1 hour ago
29 October 2008
my cynicism has a purpose. i know it does.
i read the secret life of bees before i went to go see it. i had had the book on my shelf for a while, but the way i earn my bread had precluded me from engaging in any leisurely reading for, like, two years. when i saw the cast on oprah the other day, i decided that i should spend my upcoming vacation day reading the book, for i was sure someone i knew was going to ask me to come with them to the movies to see this thing. (and yes, i dry heaved through queen latifah's over-hetero antics--again. the queen lusting after the men in egypt? is that what i just heard while brushing my teeth? bitch, please.)
the blurb on the back of the book seemed harmless enough. blacks and whites getting together and loving each other despite the mores of their society. how lovely. i plowed my way through it. the story was ok. knees in grits? nice. i'd never heard of that one. and though black beekeepers seemed fertile ground from which to sprout magical negroes--paging bagger vance--kidd seemed to get close to that line without entirely crossing it. either way, the book was rather predictable. perfect for a little midweek leisurely reading. and, it read like a movie.
the film, like the book, features all the usual suspects: racist southern red-faced spitting white men, black substitute parental figures, singing blacks, angry, social activist blacks, and, of course, the simple-minded, yet heart as pure as gold southerner (full disclosure: i kind of love forrest gump). except of course, unlike the novel, in the film the people are younger and better looking.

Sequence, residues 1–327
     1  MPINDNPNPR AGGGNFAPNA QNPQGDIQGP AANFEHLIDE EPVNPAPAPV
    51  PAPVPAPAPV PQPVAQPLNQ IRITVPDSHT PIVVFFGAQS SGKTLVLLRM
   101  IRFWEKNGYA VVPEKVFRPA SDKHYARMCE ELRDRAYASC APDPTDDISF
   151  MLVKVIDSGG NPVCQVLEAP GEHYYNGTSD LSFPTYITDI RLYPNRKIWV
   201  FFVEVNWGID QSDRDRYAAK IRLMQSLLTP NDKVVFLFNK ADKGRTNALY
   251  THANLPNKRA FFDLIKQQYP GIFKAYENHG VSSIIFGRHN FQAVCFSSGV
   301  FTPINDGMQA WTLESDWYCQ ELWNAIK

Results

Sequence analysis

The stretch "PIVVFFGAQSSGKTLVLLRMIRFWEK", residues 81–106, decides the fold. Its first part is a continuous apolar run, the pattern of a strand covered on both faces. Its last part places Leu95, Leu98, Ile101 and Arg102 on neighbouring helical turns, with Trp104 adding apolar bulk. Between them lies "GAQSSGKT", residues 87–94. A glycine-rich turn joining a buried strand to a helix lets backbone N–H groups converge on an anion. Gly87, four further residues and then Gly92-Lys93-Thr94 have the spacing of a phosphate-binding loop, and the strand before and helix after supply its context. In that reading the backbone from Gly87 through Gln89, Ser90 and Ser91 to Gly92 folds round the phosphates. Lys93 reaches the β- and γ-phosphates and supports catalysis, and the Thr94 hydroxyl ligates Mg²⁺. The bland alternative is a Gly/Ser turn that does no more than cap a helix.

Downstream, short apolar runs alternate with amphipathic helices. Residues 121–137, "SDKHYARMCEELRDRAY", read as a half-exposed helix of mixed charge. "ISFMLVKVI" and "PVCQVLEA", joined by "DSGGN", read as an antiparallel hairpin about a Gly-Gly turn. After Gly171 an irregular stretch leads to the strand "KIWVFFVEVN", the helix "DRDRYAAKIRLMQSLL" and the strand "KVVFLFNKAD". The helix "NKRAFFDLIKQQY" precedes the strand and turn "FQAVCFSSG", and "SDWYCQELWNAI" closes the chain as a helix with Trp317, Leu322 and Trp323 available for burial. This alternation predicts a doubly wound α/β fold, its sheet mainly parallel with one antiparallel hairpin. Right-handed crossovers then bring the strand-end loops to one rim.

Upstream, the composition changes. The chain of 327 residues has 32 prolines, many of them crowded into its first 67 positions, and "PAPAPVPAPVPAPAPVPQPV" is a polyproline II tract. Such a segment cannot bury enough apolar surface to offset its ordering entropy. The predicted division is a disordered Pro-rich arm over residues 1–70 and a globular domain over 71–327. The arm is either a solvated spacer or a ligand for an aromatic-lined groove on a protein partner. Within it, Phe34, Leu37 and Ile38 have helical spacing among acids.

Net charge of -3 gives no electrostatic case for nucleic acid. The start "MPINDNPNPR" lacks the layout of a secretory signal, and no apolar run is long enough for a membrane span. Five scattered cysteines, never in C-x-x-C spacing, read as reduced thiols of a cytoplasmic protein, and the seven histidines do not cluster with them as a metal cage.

i hated this movie. well, not entirely. dakota fanning was good. i'm not a movie buff, but calling her the next jodie foster sounds about right. they kind of look alike. alicia keys wasn't bad; she definitely portrayed a female version of the "huey newton complex" (a term i coined meaning, hella light-skinned, hella militant) just fine. the more i see her on screen, the more i think j.hud is a natural.
so mostly, i hated queen latifah. as soon as she appeared on screen, my hand went into my afro, and i slid down in my seat. it seems as if she's gone from "ladies first" to portraying every possible stereotype she can muster. is she getting back at me? for this? and this? if alicia "hell's kitchen" keys can kinda sound southern, or at least make a good attempt, why do you dana "dirty jersey" owens, sound like a house slave? ("we'se makin' honey!"). i guess the moral of ms. owens' career is: you might default on dignity, but coonery will (still) get you paid.
perhaps it was just me, but her image radiated the following message from the screen: by way of my cleavage alone, i will impart wisdom on you, young white girl. if it wasn't her 60s natural looking like someone just put some leave-in conditioner in her head and kept it moving, it was her "sermon of the black madonna." inspired by the oprah winfrey school of monologues, her speech elicited some of the weakest call and response i've seen this side of the color line. though, i can't blame her for that. your bad, gina prince-bythewood. i expect better church scenes from negro directors. i fully believe i could've gotten more from my actors. and i'm a heathen.
i left the movie having learned two things: 1. even child abusers can be redeemed through the presence of blacks; and 2. integration was really about young black boys accomplishing their dream of boning white girls without getting beat up. (i feel warm inside.) i left the movie and the book with the following, more general question: why is white parent absenteeism so... cute?